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1.5 million children across UK face neglect on a daily basis, claims report

Action for Children calls for more public advice to aid the reporting of neglect

Nine out of ten teachers, police officers and social workers are regularly coming into contact with children they suspect are suffering from neglect yet as many as 40 per cent feel powerless to intervene, according to a report published by Action for Children.

The State of Child Neglect in the UK claims to be the most comprehensive current review into child neglect, the second in an annual series by the University of Stirling for Action for Children. Almost 6,000 people, including the general public, a range of professionals and 27 local authorities, took part in the research. It reports studies suggesting up to 1.5 million UK children face the daily reality of neglect.

Dame Clare Tickell, Chief Executive for Action for Children, said:

"It is of grave concern that one in every ten children could be suffering neglect.

"We know that early help has the potential to transform the lives of children and families, yet the report tells us that the public aren't being given the know-how they need and professionals' best efforts are being hindered by stretched budgets and a lack of resources.

"With more and more families struggling, vulnerable children are falling through the cracks of a child protection system that is failing some of those who need it most – sometimes with tragic consequences."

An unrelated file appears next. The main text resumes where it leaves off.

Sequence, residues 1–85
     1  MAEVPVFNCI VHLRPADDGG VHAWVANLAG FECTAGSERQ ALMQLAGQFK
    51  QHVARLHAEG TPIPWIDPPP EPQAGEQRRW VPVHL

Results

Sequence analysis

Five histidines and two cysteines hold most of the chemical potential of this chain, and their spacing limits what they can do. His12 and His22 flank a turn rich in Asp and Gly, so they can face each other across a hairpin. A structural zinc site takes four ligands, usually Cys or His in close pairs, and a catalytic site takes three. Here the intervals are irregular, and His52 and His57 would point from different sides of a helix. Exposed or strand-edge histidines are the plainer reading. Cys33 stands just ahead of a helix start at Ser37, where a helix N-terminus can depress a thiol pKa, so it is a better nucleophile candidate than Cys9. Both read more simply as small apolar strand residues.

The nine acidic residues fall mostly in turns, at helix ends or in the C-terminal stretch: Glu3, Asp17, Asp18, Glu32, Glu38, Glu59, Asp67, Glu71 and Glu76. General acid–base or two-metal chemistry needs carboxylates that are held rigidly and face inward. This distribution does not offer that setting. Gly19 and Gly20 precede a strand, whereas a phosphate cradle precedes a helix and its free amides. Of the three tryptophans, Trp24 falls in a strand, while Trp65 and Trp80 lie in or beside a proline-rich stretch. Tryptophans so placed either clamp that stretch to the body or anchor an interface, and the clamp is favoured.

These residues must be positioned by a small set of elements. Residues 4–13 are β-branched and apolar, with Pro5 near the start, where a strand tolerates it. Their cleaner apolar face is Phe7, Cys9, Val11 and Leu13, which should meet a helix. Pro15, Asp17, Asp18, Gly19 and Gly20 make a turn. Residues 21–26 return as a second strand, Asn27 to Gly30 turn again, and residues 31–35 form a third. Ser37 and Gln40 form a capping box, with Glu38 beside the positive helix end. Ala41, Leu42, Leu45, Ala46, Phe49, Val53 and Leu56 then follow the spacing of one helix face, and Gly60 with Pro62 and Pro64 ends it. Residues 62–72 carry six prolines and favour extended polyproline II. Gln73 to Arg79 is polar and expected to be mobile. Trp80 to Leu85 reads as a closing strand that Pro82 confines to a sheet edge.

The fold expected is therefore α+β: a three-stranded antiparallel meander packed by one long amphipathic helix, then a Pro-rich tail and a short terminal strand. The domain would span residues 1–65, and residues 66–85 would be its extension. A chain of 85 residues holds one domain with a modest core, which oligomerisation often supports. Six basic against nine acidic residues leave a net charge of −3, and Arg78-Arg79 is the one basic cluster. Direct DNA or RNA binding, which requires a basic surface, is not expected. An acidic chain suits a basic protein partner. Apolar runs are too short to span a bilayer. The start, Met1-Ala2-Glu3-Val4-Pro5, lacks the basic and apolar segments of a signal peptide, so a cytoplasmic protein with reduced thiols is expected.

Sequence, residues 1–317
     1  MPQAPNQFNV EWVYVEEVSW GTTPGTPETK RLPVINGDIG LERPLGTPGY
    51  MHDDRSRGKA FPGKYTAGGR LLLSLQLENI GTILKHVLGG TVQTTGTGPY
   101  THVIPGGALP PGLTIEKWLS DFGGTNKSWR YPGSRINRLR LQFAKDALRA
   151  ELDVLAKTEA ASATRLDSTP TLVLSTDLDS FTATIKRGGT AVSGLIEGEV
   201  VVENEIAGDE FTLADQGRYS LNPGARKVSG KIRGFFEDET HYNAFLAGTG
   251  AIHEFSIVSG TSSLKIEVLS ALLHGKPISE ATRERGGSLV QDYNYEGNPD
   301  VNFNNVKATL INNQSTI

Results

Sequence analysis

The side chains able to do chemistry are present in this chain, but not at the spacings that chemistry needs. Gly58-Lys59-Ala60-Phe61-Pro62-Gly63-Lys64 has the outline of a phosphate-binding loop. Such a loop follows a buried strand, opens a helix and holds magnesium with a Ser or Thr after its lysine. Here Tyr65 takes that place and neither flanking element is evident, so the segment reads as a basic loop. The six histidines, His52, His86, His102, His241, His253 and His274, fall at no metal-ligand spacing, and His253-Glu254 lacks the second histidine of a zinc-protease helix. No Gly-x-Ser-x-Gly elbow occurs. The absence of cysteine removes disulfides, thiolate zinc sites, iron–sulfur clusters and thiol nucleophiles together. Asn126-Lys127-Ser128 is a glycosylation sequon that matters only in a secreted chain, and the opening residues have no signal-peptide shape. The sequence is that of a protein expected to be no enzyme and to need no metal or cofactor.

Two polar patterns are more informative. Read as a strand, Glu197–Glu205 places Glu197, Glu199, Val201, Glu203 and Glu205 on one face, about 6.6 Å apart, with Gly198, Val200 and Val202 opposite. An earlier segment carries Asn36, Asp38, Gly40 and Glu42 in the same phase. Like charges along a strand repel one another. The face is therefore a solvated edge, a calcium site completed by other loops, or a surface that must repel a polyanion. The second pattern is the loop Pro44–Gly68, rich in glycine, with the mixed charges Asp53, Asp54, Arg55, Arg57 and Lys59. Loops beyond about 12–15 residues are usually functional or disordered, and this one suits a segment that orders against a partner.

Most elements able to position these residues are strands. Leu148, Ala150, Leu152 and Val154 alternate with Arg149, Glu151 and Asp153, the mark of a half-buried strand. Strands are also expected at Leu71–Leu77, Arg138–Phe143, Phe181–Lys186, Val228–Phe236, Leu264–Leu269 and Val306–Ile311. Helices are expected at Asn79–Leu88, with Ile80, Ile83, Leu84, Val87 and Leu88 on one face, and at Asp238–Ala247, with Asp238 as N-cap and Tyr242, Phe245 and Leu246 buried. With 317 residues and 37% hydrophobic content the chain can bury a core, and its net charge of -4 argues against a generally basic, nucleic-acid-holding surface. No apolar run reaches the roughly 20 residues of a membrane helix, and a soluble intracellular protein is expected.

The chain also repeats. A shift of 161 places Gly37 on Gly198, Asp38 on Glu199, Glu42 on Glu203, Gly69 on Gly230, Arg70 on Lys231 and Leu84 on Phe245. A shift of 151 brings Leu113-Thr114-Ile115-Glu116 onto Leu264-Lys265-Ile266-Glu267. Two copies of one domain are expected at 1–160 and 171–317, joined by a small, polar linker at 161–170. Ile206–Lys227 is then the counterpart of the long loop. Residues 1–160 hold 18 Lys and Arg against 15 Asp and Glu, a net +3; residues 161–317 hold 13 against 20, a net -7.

Other key findings from The State of Child Neglect in the UK include:

Action for Children says that neglect is a factor in 60 per cent of child deaths or serious injuries, investigated by Serious Case Reviews. Research shows it is vital to provide vulnerable families with support at an early stage so that they can change their behaviour and prevent neglect. Yet Government commitment to early help services is inconsistently translated into practice, with only piecemeal delivery in some local areas.

The State of Child Neglect in the UK found that just 12 per cent of staff in early help services, such as health visitors and teaching assistants, are able to respond directly if they suspect a child is being neglected and many frontline professionals (29 per cent) believe their ability to intervene will become even more difficult as spending cuts continue.

In response to public demand and the report's findings, Action for Children is calling on the UK Government to:

The report can be read here.